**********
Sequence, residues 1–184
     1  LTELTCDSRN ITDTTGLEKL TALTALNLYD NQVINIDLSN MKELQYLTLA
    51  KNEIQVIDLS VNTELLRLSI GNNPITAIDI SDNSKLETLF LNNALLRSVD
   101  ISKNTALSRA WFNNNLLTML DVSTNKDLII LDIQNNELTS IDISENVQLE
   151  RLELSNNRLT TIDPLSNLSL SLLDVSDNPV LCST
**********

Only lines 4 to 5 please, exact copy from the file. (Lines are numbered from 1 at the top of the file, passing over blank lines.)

   101  ISKNTALSRA WFNNNLLTML DVSTNKDLII LDIQNNELTS IDISENVQLE
   151  RLELSNNRLT TIDPLSNLSL SLLDVSDNPV LCST